The "New" DEEP PURPLE feat. Rod Evans
Billboard Magazine – March 14, 1981




Judge Orders Big Award For Infringing Act's Name

Billboard magazine, 14.03.1981


LOS ANGELES. In what is probably a U.S. record-high damages award for infringing on an entertainer's trademark, members of the act, Deep Purple, and its management firm, HEC Enterprises, are to receive $672,012.44 from Deep Purple Inc., a California firm, and four area musicians.
In addition, Deep Purple Inc. and local players Geoffrey W. Emery, Roderick Evans, Tony Flynn and Dick Jergins are responsible for $103,191.52 in attorney fees for HEC Enterprises' counsel and $40,782 for legal fees of other plaintiffs.

The stiff monetary award was handed down by Federal District Court Judge Manuel L. Real here. Compensatory damages of $168,03.11 and $504,09.33 in exemplary damages were awarded.
In late 1980, Judge Real appointed Martin Fox of Bernstein Fox Accountancy to determine damages  and attorneys'  fees. At the same time, the judge ruled that the defendant company and the four musicians were permanently enjoined from using the name, "Deep Purple" or any mark confusingly similar thereto in connection with performances, recordings or related entertainment. The judge also ordered the defendants to deliver up for destruction all materials carrying the "Deep Purple" logo.

In June 1980, HEC and the Deep Purple group members Richard Blackmore, Roger Glover, David Coverdale, Ian Paice, Jon Lord and Ian Gillan filed suit against the defendants, charging they had put together a group, "Deep Purple," composed of the defendants and had worked some concerts under the disputed name. In additon, Emery had applied to register the name, "Deep Purple" as a service mark in Washington, D.C. and in this state. The complaint also charged the defendants were working  concerts in the western U.S. under the debated name.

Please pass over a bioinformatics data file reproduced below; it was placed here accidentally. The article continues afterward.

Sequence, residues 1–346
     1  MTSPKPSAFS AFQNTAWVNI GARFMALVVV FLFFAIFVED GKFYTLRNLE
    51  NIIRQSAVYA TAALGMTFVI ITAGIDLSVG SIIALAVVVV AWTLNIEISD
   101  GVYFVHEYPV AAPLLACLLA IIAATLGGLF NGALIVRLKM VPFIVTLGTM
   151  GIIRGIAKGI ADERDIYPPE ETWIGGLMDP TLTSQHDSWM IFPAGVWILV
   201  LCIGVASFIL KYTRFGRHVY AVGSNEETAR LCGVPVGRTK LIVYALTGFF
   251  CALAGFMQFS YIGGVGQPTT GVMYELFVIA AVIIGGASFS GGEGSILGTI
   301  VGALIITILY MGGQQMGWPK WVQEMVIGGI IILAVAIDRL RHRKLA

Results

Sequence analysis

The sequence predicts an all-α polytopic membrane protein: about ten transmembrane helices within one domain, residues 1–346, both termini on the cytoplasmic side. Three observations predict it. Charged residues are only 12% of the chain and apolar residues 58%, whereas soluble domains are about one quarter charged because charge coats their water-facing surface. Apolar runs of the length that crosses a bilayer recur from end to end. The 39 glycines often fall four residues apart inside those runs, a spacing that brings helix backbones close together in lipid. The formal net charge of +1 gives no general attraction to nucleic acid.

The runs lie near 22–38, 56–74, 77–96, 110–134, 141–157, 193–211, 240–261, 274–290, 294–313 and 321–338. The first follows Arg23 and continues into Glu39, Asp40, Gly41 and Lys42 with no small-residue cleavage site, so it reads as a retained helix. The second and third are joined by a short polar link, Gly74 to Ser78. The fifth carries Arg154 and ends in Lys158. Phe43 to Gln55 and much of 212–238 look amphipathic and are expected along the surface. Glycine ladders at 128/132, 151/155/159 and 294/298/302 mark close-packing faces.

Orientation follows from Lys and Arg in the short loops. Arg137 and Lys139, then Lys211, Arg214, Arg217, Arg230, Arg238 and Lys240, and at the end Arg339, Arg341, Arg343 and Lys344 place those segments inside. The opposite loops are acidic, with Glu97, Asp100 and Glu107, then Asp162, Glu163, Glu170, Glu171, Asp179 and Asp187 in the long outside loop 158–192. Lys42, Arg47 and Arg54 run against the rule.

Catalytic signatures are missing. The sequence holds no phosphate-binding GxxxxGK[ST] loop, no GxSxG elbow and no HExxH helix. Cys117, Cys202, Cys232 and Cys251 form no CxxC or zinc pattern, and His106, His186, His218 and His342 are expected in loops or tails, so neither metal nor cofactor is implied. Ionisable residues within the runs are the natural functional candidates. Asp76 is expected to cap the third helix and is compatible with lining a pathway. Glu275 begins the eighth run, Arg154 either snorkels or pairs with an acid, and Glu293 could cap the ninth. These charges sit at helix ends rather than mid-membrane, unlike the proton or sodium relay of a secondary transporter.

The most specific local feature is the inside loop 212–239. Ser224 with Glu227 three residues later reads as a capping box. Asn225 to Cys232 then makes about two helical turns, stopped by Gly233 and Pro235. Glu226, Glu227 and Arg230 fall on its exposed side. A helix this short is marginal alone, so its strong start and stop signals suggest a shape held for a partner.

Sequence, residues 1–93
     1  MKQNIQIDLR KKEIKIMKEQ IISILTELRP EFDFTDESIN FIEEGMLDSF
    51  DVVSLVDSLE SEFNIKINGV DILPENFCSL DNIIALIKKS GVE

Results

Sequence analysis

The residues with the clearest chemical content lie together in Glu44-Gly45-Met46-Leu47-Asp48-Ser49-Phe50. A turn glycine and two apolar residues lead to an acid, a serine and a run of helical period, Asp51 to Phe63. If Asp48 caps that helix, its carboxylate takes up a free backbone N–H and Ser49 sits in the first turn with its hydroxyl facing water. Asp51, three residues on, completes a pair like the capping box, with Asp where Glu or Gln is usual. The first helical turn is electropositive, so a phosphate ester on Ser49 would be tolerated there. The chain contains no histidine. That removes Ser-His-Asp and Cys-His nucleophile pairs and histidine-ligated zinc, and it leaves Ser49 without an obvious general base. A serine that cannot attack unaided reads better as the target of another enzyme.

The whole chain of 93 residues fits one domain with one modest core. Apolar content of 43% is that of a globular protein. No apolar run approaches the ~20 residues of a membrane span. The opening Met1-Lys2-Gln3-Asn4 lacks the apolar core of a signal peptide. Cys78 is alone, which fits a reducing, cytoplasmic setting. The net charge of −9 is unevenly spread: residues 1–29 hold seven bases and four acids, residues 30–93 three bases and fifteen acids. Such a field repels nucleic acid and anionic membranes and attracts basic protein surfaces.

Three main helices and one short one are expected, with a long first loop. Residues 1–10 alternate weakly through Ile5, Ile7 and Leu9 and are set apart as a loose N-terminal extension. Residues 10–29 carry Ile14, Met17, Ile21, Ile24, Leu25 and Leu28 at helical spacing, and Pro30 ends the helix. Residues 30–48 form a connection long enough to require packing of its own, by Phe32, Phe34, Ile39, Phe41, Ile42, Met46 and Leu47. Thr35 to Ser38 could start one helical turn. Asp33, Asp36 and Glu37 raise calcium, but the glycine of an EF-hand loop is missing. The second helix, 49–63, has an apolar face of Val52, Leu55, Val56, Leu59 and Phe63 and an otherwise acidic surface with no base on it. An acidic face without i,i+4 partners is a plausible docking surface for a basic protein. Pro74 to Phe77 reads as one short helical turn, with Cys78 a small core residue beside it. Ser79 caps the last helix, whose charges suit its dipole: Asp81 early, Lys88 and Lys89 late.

Judge Robert Kelleher, originally designated to hear the dispute, denied a temporary restraining order and a preliminary injunction against the defendants in late June 1980. Counsel for the defendants argued that Deep Purple was no longer a working group and that the group was essentially an instrumental act, wherein all original members were not essential. Evans, they stated, was the original vocalist.
Plaintiff countered that Evans had mutually agreed to his departure early in the group's career with the understanding he was to receive royalties from some of the group's early albums only. Defendants contended that Deep Purple's roster changed often. They argued, too, that the plaintiff group members were all with different groups in England, so it could be asumed the act would never regroup.

Ernest Heath Reid, a guiding fiscal force in HEC, supplied the court with actual royalties received by Deep Purple. He broke down the royalties in pounds sterling for various different membered groups through the career of the group as follows:
1st group:  44.663, 2nd: 4,371.215, 3rd: 1.125.668 and 4th: 283.059

John Sippel, 1981